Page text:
Common Core Standards

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Suppose that the federal government decided to over-reach and do something illogical about the national epidemic of childhood obesity. Bear with me while I set up the scenario.

Because it’s “for the children,” the Department of Health announces a sweeping program to require a national, standardized breakfast menu. Frosted flakes, cocoa puffs, and honey nuts are all out. All children, under the age of 18 will be required to have a nutritious breakfast using only items from a federally mandated and approved list of foods. Muesli & granola are in. Fruit and yogurt are in. Everything else, not so much. And suppose further that the federal bureaucracy came up with some obnoxious and intrusive schemes to monitor and verify what all of our [ahem, excuse me, THEIR] little darlings were eating for breakfast.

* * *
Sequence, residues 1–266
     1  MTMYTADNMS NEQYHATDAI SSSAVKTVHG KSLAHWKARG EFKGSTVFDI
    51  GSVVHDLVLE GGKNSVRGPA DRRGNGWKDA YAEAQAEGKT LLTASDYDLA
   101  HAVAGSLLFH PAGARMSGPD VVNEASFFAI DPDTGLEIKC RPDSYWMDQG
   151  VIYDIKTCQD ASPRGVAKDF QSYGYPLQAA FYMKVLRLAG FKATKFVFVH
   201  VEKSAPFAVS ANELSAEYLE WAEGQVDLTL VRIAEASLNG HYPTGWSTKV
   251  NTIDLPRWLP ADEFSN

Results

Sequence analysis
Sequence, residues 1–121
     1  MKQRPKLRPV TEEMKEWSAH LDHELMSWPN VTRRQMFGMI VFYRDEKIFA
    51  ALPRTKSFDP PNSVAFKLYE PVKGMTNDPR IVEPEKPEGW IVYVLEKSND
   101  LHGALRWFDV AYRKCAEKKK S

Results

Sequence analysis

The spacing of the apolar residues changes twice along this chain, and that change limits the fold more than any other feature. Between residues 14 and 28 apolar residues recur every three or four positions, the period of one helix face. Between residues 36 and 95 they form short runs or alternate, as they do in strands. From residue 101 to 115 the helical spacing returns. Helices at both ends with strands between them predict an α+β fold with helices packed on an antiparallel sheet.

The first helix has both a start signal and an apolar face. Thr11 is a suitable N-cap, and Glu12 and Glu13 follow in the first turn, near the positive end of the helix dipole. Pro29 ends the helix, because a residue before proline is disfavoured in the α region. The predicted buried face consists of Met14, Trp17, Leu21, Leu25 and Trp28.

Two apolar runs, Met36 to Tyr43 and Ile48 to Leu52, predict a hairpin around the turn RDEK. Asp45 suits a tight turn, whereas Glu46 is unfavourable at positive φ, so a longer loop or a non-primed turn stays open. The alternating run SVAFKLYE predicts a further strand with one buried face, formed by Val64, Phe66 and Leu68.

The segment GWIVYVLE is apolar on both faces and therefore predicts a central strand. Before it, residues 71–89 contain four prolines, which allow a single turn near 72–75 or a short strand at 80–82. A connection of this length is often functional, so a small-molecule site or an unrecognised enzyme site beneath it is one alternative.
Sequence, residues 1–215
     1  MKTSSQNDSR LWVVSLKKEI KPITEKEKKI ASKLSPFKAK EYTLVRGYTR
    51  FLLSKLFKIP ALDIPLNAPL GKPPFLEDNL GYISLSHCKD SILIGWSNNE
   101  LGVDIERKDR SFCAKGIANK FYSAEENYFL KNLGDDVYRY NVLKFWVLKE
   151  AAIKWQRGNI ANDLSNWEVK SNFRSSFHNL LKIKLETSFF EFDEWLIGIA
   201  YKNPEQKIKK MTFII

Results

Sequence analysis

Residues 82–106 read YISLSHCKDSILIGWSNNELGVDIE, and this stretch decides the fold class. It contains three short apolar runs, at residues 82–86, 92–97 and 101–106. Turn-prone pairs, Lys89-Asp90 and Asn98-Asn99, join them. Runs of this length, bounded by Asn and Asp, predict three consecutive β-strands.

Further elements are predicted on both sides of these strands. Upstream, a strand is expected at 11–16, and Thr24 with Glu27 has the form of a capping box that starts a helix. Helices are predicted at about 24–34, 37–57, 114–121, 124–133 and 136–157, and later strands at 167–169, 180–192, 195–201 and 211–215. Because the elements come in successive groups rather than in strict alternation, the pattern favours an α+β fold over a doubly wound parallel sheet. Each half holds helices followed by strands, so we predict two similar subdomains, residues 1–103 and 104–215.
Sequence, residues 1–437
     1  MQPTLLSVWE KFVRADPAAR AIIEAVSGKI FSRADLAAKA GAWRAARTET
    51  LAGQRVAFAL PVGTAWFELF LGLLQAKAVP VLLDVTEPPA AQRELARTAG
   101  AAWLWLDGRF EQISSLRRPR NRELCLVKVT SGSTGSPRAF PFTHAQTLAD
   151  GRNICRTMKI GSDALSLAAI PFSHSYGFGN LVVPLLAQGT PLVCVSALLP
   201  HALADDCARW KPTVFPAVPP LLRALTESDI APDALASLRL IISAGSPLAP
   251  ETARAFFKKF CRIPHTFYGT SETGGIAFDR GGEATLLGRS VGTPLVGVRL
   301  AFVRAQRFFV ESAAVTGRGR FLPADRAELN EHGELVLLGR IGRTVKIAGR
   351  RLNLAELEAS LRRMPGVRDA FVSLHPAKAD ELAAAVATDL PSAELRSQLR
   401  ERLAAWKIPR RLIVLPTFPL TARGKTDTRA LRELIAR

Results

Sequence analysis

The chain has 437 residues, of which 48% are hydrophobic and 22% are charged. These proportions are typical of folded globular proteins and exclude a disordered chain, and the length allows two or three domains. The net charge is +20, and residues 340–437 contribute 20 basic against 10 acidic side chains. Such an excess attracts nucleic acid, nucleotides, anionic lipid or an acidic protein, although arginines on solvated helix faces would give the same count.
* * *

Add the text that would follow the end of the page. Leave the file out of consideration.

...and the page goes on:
There would of course, be a predictable outrage from parents (and probably teen-agers, if not toddlers). The federal government would be denounced for taking liberties with the constitution. There would be rallies denouncing the Common Breakfast Scheme. The idea of enlarging the federal government and allowing its intrusion into suburban kitchens would be anathema.

Of course, there would be those who saw opportunities. Some of the major breakfast cereal manufacturers might rush to re-design their cereals and packaging to announce that they were Common Breakfast compliant. Some big corporations might even see great advantage in having their products endorsed and approved, while their rivals’ products were banned. Big Breakfast Corporations might even publicly support the Common Breakfast Scheme.

But ponder, for just a moment, the small local family run business who makes homemade granola. They’ve been careful with their ingredients. They have a loyal customer base. And they certainly have nothing to do with any big government initiative that wants to compel everyone to eat granola.